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    Basic Runner’s Strength Training: Program One

    Audience: Runner's looking to start a simple resistance exercise program who still want most of their time spent running Background You can justify strength training for runners via performance enhancement and injury prevention.  Surprisingly, the evidence for performance enhancement is much stronger than injury prevention.

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  • Hamstring Tendinopathy: Sample Rehabilitation Program Videos

    Audience: Therapists and Patients Purpose: This post is video overview of the sample exercise progression I might advocate for patients (primarily runners) who present with persistent longstanding high hamstring pain. Background Runners, particularly faster runners, will often present with high hamstring tendon pain.  The pain is typically felt where the muscles insert into the bottom bone of the hip (the ischial tuberosity).  In addition to the hamstrings the adductor magnus can often be involved.

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  • Basic Shoulder Movement Videos

    Audience: Patients Purpose: Exercise videos for those doing shoulder rehabilitation Preamble The same exercises or movements can be used with different intentions and to achieve a different goal.  Some possible intentions being: 1. Motion is Lotion - we are moving your shoulder in a manner just to calm down nerves, decrease pain and get that pissed off shoulder happy with moving again.  The amount of weight or resistance is not that important 2. Stress loading - for whatever reason we want to stress your shoulder and shoulder girdle musculature.  You might have some weakness (e.g. prolonged immobility, post surgical) or we wish to increase the capacity of your joint and muscles to withstand load.  Appropriate weight selection, speed of movement and technique is important 3. Motor control - certainly there is some overlap with the previous two intentions mentioned.  But with this intention we might look at trying to change how your muscles work together.  An example, is training both the internal and external rotator cuff during alternating movements.  We are trying to get the cuff to pull the humeral head away from the scapula or just get the muscles happy working together again.  Load or stress is important but so is learning the movement.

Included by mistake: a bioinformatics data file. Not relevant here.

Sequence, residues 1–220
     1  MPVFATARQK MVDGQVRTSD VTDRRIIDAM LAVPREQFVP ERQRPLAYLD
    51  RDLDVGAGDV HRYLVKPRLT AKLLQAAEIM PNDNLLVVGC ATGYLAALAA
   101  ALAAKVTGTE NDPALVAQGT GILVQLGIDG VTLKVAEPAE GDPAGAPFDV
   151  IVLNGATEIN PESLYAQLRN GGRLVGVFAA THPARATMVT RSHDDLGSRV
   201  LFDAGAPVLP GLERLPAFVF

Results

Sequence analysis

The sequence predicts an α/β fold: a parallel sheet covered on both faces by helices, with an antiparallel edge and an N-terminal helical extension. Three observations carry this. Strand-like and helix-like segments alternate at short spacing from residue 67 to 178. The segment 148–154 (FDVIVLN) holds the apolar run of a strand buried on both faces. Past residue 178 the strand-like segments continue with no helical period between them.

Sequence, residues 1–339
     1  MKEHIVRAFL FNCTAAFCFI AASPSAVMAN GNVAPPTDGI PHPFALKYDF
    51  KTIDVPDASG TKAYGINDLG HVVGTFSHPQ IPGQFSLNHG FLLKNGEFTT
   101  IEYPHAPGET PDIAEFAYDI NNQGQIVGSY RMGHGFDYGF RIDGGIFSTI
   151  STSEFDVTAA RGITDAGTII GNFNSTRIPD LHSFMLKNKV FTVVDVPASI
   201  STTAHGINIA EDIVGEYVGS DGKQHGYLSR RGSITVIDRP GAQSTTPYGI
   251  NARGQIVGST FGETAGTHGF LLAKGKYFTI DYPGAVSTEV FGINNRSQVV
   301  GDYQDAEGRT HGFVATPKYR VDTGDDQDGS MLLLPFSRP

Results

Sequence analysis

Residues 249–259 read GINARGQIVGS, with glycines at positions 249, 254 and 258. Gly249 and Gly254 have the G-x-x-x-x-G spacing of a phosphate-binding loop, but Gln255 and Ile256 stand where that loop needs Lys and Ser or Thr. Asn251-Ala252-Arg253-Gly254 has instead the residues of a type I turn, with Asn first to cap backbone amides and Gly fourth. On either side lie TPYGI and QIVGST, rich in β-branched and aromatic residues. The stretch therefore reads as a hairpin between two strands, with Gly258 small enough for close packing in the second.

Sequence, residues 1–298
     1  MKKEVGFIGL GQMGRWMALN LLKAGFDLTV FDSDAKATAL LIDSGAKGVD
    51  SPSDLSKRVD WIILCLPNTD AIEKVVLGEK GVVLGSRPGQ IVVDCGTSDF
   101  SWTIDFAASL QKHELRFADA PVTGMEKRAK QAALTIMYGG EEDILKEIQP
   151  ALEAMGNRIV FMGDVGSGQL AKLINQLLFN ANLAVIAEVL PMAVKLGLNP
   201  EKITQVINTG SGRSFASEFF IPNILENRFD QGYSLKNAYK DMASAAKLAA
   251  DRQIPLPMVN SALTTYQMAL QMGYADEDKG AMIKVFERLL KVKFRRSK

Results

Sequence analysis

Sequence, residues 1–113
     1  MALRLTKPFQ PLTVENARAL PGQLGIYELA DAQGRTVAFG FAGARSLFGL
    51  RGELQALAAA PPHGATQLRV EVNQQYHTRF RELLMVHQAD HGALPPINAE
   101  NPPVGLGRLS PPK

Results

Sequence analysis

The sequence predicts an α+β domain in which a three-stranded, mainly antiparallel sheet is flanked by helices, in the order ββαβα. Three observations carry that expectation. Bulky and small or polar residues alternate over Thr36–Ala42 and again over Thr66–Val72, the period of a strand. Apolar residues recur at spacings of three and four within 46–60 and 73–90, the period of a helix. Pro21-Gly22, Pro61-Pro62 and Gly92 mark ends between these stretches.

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  • Running and hip strength – my response to the Toronto Star

    Audience: Runners and therapists Purpose: advocate hip strengthening exercises   The “core” gets all the press.    But when it comes to running research and injury prevention I would sooner extol the virtues the butt.  The side of the butt to be most specific.   These muscles (gluteus medius/minimus and gluteus maximus) are huge in the […]

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  • Hip Airplane Exercise Pictures

    Purpose: I have found it difficult to find unlicensed exercise pictures of certain exercises.  One of the goals of this blog is to share exercise pictures with anyone that would like to use them.  Most pictures are in jpeg format so they can be inserted into documents that you create.  Below are pictures of a […]

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  • Shoulder Rehabilitation: Minimizing the Upper Trapezius to Serratus Anterior Ratio

    Audience: Therapists [caption id="attachment_155" align="alignleft" width="300" caption="Pushup plus protracted"][/caption] Purpose: I like the idea of quantifying the "dosage" of an exercise.  We can do this with EMG and this post will be part of a larger theme that catalogues the EMG amplitude of various shoulder rehabilitation exercises.  Further, it will also try to justify a number of exercises for their ability to avoid negative loading on the shoulder and promote a possibly optimal way of working the shoulder. Caveat:  This review only looks at a few papers addressing the Upper Traps (UT) to Serratus Anterior (SA) ratio.  Other exercises must obviously be incorporated into a rehab program. Exercises to maximize the Serratus Anterior (SA) to Upper Trapezius (UT) Ratio To simplify: SA = good, UT = bad.  Basically, activation of the SA moves the scapula out of the way of the humerus while too much or too early activation of the UT tends to [caption id="attachment_156" align="alignleft" width="300" caption="pushup plus retracted"][/caption] anteriorly tilt the scapula and decrease the space for humeral movement.  Ann Cools has done extensive work in this area.  Here is a taste of her findings and recommendations.  You may want to consider using the exercises when you have a little scapular dyskinesis on your hands - you may see some medial border prominence of the scap, some winging during arm elevation and the scap can get a little jiggy with arm raising and lowering.

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